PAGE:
reply: For the sake of argument, let's assume that such a procedure really allows one to tap into the Akashic record.
 Of all the interesting things I might want to know about my brother-in-law, that he was once on a ship on a clear day and laughing with other men when a bird landed would not be high on my list. If this is the kind of information ESP produces, it is useless as well as uninteresting. However, we might also assume that your knowledge of Bill and some recent experiences or dreams played a significant role in your daydream. (In case you hadn't figured it out, Mr. Sherman was teaching you to daydream: relax and let images float into your mind.)

The next time I saw Bill I told him what I saw and he was was amazed by the information. He told me that when he was 17 he had been in the Navy aboard a ship in the South Pacific.  An albatross perched on the ship's mast every day and they called it their  mascot. Each time a garbage can (round object) was brought on deck, the albatross swooped down and began to peck at it. The guys were entertained by this (the laughter). I knew Bill had been in the Navy, but he or my sister had never told me anything about his experiences.

reply: Try this experiment. Just make up some set of images. Don't try to daydream. Just put together a few images and tell someone who might believe in ESP that you had this ESP experience. Most people will be able to find something in their lives to more-or-less fit with your images. I'm amazed that in your daydream you didn't see an albatross. They are pretty distinctive creatures. 

I decided to try it again with my friend Carol whom I had not seen nor talked to for over a month. She was to visit me that evening and before she arrived, I took a few minutes out to view my "movie screen".  Within seconds, I saw a pair of eye glasses with one ear stem missing.  As soon as I saw Carol I asked her about it.  She opened her purse and showed me her glasses with the broken stem and explained that she had had them in her purse for several days meaning to get them repaired.

reply: Now this one is much more interesting than the other experience you had. This experience is uncanny. It's too bad you didn't do your experiment a week earlier. You might have warned Carol about the impending eyeglass problem. Was this a coincidence? I have no idea. Is it possible she mentioned the eyeglasses needing to be fixed when you arranged to meet her, but the information being so trivial you did not give it much attention at the time and so don't remember saying anything about it? I have no idea. Are you making this up or is your information completely accurate? I have no idea. Was this ESP? I have no idea. If it was, again it seems like a pretty big waste of psychic energy.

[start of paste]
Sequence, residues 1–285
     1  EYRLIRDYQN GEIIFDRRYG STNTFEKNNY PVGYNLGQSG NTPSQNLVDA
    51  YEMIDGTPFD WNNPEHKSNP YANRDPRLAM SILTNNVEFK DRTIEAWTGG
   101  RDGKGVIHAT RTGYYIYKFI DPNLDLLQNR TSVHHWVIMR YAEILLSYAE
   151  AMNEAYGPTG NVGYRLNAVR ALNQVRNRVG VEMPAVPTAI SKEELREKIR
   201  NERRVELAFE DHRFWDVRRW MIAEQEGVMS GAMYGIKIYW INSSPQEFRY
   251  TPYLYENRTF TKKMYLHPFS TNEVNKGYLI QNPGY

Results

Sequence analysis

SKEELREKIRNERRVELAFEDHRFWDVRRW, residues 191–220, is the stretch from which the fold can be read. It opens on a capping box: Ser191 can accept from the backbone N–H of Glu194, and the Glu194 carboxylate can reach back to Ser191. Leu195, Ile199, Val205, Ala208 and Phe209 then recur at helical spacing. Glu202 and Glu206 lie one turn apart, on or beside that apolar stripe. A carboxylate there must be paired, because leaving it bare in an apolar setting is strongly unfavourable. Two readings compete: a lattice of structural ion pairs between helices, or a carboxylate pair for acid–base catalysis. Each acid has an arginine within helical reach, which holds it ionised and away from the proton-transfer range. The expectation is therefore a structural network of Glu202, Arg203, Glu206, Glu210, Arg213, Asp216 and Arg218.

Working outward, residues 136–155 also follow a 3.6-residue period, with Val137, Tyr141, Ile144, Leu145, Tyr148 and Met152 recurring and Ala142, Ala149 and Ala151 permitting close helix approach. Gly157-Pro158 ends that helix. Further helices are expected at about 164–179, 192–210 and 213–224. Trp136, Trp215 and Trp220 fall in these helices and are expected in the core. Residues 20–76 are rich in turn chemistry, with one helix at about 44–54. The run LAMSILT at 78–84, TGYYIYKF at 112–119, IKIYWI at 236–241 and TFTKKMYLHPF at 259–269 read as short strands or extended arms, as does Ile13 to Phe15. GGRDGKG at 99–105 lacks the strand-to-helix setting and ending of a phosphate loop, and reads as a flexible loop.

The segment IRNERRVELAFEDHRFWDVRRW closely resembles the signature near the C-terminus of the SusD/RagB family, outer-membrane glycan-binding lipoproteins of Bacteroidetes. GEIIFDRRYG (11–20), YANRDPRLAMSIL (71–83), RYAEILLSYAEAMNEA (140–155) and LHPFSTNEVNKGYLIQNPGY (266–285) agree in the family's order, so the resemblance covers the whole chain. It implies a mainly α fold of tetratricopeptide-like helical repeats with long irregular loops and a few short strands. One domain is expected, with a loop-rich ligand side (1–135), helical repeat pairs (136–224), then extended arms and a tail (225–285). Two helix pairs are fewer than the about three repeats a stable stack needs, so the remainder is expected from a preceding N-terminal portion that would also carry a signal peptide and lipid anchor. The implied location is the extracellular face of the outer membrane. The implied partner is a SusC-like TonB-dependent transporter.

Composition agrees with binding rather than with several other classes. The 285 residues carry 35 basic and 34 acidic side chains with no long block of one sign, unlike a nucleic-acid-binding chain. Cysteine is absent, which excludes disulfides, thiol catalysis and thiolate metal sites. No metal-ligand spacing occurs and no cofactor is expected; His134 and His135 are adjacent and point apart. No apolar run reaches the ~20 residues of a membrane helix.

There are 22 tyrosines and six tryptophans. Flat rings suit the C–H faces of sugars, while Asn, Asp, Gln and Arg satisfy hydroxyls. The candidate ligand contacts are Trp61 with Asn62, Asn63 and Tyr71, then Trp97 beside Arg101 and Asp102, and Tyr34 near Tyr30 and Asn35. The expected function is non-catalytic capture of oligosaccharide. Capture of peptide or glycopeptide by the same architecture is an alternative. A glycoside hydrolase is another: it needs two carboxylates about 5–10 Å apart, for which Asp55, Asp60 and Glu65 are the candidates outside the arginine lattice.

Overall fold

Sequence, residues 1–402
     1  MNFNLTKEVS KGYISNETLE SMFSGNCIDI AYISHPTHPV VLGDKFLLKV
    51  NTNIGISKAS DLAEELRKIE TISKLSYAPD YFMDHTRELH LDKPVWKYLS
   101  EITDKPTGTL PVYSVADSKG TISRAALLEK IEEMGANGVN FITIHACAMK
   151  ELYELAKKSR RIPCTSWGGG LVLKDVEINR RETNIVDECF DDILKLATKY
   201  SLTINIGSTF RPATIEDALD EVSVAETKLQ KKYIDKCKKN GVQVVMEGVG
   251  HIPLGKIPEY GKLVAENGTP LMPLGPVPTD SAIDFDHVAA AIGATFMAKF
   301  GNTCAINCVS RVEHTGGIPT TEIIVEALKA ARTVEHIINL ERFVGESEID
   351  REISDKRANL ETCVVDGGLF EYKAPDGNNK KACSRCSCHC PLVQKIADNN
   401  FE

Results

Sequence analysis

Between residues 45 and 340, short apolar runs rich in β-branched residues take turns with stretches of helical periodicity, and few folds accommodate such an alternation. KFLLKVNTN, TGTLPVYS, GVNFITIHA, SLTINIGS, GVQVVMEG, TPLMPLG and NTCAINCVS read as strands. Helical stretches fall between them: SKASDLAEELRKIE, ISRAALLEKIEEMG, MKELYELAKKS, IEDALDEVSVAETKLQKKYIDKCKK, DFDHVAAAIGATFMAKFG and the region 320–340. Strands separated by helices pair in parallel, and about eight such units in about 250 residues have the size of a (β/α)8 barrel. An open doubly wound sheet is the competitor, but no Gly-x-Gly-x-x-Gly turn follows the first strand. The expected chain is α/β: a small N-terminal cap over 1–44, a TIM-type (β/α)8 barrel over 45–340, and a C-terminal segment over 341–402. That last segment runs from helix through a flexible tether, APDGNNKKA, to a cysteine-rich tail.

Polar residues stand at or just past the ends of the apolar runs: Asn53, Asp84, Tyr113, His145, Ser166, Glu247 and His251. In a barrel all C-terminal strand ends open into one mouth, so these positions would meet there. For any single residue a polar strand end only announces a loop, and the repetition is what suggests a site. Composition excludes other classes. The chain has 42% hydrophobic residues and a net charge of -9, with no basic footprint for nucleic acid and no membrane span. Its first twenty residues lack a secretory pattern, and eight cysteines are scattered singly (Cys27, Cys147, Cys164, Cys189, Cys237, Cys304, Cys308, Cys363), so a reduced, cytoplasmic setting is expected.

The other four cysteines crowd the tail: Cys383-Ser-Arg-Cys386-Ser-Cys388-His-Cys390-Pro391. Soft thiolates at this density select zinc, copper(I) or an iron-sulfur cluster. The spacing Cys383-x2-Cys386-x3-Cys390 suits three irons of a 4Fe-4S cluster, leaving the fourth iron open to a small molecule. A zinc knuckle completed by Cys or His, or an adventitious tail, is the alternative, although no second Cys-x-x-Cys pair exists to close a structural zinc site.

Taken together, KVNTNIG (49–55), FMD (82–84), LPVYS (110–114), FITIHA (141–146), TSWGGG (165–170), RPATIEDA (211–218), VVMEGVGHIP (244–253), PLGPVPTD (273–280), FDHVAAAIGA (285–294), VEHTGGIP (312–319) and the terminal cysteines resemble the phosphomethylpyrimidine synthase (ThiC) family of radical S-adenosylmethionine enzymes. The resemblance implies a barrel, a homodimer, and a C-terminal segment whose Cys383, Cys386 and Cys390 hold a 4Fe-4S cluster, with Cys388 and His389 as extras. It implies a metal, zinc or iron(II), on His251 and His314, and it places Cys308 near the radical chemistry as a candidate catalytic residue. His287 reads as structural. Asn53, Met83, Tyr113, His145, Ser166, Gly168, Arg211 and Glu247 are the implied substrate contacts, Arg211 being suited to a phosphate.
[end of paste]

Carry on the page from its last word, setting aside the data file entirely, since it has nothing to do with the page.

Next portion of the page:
I did several more of these ESP experiments that were as accurate as those above. But I was not out to prove anything other than to myself that ESP can work, so 25 years have passed and I never tried it again. To me, there is no mystery about it. It's natural and easy and anyone can do it.  But most people don't or won't because they think it doesn't exist.

reply: I suggest you try passing on made-up stories, claiming they are ESP, and see how many people validate your claims. The experiments you are doing are not very well designed. I suggest you read Martin Gardner's How Not to Test a Psychic : Ten Years of Remarkable Experiments With Renowned Clairvoyant Pavel Stepanek (Prometheus Books, 1989). 

I'm skeptical about a lot of information that claims to be true, but on the other hand I don't discount a claim, calling it "not true" or "impossible" simply because there is no scientific proof of it at the present. It doesn't matter to me if others insist ESP doesn't exist, I know it does for me. I don't have the desire nor the need to defend or prove it to anyone.  Like dreaming when you're asleep - nobody can prove they’re dreamed at all, but they don't need to because most of us dream.  Most of us have ESP, but it must be requested or not ignored if it appears spontaneously.
Dolores W.
Orange County California

reply: On the other hand, I wouldn't believe something just because it hasn't been proved false. There are usually naturalistic explanations for even the most uncanny event. For example, one of the more common proofs of clairvoyance is the dream come true. You dream of your father's death or you just feel that something bad has happened to your father and soon afterwards you find that your father has in fact died. You can't help but feel that there is some sort of connection between your dream or feelings and the event. (Unless you believe in certain kinds of witchcraft, you don't believe that there is a causal connection, such that your thoughts caused your father's death.)